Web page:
4.5 out of 5 stars.
In America, one’s life is one’s own. But in China, one’s life is a part of something bigger. This cultural divide is a major player in “The Farewell,” a comedy/drama written and directed by Lula Wang, based on a story from her own life. It’s a story that’s simultaneously light and heavy as it ponders the relationship between the individual and the family unit in a heartfelt, funny, and relateable manner.
Awkwafina stars as Billi, a young woman who was born in China but raised in America. She’s struggling to make ends meet in New York City when she receives some terrible news from her parents (Haiyan and Jian, played by Tzi Ma and Diana Lin): her beloved Nai Nai (Zhao Shuzhen) has been diagnosed with terminal cancer. Her family is returning to China for her cousin’s wedding, which is being hurriedly thrown together to give the family an excuse for a reunion. But there’s another piece of the news that troubles Billi further—the family is withholding Nai Nai’s diagnosis from her. This practice is common in Eastern culture, as it allows the family, rather that the individual afflicted, to bear the stress and trauma of the diagnosis, but Billi struggles with the weight of lying to her grandmother.
Wang perfectly balances humor and melancholy throughout the film. The bickering and arguing amongst the family members, which can be funny one minute and dramatic the next, feels very natural, thanks in part to Wang’s screenplay (which delves into the issues it presents without ever forcing them) and in part to the cast. Awkwafina, who has up to now normally been seen playing more comedic characters, turns in a fine dramatic performance here as Billie struggles to reconcile her American upbringing with her Chinese roots, and the guilt she feels not just from being dishonest to her grandmother, but from staying away from her family for so long. We see that same guilt in Haiyan and his brother Haibin (Jiang Yongbo) as well. Haiyan moved to America while Haibin moved to Japan; we’re told this is the first time they’ve all been together in 25 years, and now it’s almost too late. Shuzhen, meanwhile, steals every scene she’s in. Despite the drama surrounding her, she’s relentlessly funny and frank, but will also quietly break your heart by the end of the film.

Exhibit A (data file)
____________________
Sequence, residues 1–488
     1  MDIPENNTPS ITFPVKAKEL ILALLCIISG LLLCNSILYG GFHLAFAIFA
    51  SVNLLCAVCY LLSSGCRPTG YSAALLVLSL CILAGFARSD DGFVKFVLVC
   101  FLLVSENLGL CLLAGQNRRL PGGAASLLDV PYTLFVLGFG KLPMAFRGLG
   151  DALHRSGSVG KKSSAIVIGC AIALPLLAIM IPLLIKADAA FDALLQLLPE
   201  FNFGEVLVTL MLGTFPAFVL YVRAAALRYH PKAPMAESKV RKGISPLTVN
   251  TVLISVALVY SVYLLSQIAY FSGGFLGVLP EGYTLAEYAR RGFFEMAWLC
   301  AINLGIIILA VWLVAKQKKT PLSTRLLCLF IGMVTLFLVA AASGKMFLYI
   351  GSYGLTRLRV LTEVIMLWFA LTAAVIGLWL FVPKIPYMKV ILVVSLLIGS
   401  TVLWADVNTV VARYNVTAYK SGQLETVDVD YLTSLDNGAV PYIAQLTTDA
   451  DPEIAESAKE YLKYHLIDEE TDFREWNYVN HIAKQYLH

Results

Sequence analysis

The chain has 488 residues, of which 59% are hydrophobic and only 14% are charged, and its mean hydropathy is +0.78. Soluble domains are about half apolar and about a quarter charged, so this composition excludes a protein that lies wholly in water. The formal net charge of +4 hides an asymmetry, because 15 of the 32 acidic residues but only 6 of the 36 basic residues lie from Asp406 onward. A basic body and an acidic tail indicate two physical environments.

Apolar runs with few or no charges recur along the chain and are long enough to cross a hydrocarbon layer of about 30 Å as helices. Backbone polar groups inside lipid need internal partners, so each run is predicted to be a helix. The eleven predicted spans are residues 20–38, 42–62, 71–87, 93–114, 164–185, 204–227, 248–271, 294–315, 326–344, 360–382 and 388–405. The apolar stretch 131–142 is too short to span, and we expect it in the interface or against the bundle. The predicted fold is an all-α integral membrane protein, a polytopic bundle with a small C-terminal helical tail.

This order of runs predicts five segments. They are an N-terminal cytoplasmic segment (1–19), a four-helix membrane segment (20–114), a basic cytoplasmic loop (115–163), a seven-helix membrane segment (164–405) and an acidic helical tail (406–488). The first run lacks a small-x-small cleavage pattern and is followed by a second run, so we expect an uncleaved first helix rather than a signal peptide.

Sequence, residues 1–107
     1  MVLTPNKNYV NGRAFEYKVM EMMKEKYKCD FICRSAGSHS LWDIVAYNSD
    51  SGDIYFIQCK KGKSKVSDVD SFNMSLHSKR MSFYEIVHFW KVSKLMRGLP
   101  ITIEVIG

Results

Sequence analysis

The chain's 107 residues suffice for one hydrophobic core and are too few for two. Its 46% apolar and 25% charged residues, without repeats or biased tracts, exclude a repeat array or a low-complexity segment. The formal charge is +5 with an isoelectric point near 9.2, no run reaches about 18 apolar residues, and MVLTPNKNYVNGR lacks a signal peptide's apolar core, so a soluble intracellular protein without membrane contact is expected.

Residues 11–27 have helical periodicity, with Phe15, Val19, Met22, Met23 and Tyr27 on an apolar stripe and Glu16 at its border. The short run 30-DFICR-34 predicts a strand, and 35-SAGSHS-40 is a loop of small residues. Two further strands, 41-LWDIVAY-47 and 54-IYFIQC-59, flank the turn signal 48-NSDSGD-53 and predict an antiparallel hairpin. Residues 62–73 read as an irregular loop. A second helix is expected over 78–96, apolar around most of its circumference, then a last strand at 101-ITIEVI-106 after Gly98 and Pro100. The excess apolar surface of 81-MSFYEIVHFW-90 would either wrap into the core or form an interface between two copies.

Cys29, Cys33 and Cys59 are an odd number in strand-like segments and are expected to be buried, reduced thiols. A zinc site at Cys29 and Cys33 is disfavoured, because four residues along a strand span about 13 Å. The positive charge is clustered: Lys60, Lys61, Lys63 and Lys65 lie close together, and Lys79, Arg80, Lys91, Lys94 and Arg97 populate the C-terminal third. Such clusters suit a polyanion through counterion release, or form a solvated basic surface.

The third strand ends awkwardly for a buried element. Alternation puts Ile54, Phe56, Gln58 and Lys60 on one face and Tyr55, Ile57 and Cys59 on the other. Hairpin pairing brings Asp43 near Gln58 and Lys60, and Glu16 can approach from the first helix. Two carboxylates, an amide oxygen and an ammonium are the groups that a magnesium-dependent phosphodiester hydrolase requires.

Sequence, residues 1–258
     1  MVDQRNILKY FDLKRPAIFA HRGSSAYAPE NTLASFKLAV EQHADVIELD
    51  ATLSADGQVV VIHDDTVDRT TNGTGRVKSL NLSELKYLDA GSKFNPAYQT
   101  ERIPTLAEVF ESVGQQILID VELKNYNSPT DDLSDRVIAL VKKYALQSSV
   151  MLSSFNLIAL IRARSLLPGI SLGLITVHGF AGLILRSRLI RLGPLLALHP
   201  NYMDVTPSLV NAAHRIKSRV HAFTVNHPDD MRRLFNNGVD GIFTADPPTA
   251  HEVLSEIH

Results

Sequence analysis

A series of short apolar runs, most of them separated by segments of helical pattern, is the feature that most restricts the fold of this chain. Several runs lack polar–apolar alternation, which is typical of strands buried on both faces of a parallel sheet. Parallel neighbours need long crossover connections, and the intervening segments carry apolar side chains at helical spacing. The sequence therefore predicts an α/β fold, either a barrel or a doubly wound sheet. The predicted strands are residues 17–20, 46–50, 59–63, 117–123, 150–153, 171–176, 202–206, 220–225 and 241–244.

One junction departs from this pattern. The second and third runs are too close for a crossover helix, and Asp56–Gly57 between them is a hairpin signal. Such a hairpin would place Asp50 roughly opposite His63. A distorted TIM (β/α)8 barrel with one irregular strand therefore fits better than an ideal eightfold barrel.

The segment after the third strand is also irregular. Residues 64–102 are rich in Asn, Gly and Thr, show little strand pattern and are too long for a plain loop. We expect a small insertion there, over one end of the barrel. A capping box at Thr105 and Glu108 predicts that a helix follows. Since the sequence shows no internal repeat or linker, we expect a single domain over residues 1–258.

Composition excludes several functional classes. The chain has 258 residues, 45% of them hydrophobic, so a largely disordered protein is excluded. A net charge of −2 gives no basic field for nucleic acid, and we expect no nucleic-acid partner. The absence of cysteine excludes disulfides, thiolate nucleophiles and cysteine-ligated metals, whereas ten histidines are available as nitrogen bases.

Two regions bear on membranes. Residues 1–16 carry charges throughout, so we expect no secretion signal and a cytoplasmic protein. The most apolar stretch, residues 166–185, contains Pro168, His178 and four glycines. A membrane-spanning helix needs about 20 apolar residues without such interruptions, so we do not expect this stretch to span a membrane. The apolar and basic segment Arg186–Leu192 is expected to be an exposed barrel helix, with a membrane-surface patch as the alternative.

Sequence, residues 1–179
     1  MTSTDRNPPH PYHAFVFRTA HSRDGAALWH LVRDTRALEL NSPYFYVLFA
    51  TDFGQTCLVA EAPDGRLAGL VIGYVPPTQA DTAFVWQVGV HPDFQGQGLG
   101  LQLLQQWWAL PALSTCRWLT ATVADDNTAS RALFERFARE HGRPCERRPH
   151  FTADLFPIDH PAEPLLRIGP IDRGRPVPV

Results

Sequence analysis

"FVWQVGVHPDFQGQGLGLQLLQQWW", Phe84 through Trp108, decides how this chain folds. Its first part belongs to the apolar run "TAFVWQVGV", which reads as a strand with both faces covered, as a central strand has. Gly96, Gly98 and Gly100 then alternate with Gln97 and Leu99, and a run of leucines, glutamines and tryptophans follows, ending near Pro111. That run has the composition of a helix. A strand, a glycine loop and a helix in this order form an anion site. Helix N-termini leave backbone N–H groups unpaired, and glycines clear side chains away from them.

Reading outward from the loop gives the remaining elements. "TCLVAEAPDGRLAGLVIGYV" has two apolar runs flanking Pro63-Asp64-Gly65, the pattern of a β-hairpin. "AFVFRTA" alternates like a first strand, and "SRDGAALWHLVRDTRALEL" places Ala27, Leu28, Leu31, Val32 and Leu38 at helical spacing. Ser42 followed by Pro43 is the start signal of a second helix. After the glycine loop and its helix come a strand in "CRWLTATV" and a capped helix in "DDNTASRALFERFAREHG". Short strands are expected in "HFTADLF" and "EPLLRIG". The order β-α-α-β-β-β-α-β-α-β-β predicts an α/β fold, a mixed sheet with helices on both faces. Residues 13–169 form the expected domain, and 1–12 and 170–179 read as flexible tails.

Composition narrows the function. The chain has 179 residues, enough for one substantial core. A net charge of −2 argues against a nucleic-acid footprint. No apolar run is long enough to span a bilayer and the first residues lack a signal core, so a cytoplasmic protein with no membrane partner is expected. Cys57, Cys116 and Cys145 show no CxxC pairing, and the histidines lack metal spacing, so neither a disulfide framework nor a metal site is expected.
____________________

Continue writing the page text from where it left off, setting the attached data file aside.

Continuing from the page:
Another aspect of this film that makes it very real is that it doesn’t tie everything up with a bow at the end. Many issues are left unresolved. We don’t know if Billi is going to make it as a writer in New York or if her cousin Hao Hao (Chen Han) is going to be happy in his marriage to a girl he’s only been dating for three months. But that’s okay, because while Nai Nai’s words toward the end of the film leave us with a bit of sadness, they also leave us with hope. This is a portrait of a family unit in transition, trying to figure out how to move on when this important person is no longer in their lives. It’s beautiful- and, sadly, rare—to see a film with an all-Asian cast confronting the cultural divide between East and West. It goes beyond the prioritizing of the group over the individual that we see in the family hiding Nai Nai’s illness from her. A conversation between Jian and one of Billi’s aunts reveals that they are all proud of their Chinese heritage, but they can’t deny despite the issues facing both countries that there are more and better opportunities available in America. Billi briefly ponders staying in China to be with Nai Nai, but as her mother asks, what would she do?
From start to finish, “The Farewell” is an exceptionally moving and well-made film, with the music and cinematography (which uses muted colors and rarely relies on close-ups, again emphasizing the group over the individual) all working hand-in-hand with the script and cast. Wang proves to be the next big force in filmmaking, Awkwafina shows that she’s even more talented than we thought, and the audience is treated to a diverse and honest movie that is many steps above the summer’s biggest blockbusters.
Runtime: 100 minutes. Rated PG.